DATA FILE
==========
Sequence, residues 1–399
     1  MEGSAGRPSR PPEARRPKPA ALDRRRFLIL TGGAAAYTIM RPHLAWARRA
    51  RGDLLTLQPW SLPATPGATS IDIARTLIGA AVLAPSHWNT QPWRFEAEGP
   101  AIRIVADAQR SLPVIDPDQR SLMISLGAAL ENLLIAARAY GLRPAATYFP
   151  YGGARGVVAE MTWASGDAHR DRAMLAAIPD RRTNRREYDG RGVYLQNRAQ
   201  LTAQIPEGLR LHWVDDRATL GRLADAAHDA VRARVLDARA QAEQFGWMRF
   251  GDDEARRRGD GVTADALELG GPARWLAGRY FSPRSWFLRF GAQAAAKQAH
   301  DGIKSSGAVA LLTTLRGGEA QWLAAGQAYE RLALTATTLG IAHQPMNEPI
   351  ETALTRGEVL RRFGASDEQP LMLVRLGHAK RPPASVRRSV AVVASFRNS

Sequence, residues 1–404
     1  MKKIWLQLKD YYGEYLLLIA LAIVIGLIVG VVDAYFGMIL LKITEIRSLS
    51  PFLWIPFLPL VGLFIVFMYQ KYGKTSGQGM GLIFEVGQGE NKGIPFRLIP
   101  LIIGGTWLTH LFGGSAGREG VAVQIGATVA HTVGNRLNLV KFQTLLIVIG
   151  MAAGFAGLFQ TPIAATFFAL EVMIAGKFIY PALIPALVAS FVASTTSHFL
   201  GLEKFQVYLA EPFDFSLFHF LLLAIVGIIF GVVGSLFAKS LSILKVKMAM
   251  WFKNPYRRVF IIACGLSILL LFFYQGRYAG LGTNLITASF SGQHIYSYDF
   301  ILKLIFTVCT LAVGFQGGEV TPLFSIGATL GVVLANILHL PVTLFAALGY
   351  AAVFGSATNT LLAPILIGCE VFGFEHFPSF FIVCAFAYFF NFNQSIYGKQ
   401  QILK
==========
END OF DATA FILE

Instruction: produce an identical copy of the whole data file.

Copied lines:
Sequence, residues 1–399
     1  MEGSAGRPSR PPEARRPKPA ALDRRRFLIL TGGAAAYTIM RPHLAWARRA
    51  RGDLLTLQPW SLPATPGATS IDIARTLIGA AVLAPSHWNT QPWRFEAEGP
   101  AIRIVADAQR SLPVIDPDQR SLMISLGAAL ENLLIAARAY GLRPAATYFP
   151  YGGARGVVAE MTWASGDAHR DRAMLAAIPD RRTNRREYDG RGVYLQNRAQ
   201  LTAQIPEGLR LHWVDDRATL GRLADAAHDA VRARVLDARA QAEQFGWMRF
   251  GDDEARRRGD GVTADALELG GPARWLAGRY FSPRSWFLRF GAQAAAKQAH
   301  DGIKSSGAVA LLTTLRGGEA QWLAAGQAYE RLALTATTLG IAHQPMNEPI
   351  ETALTRGEVL RRFGASDEQP LMLVRLGHAK RPPASVRRSV AVVASFRNS

Sequence, residues 1–404
     1  MKKIWLQLKD YYGEYLLLIA LAIVIGLIVG VVDAYFGMIL LKITEIRSLS
    51  PFLWIPFLPL VGLFIVFMYQ KYGKTSGQGM GLIFEVGQGE NKGIPFRLIP
   101  LIIGGTWLTH LFGGSAGREG VAVQIGATVA HTVGNRLNLV KFQTLLIVIG
   151  MAAGFAGLFQ TPIAATFFAL EVMIAGKFIY PALIPALVAS FVASTTSHFL
   201  GLEKFQVYLA EPFDFSLFHF LLLAIVGIIF GVVGSLFAKS LSILKVKMAM
   251  WFKNPYRRVF IIACGLSILL LFFYQGRYAG LGTNLITASF SGQHIYSYDF
   301  ILKLIFTVCT LAVGFQGGEV TPLFSIGATL GVVLANILHL PVTLFAALGY
   351  AAVFGSATNT LLAPILIGCE VFGFEHFPSF FIVCAFAYFF NFNQSIYGKQ
   401  QILK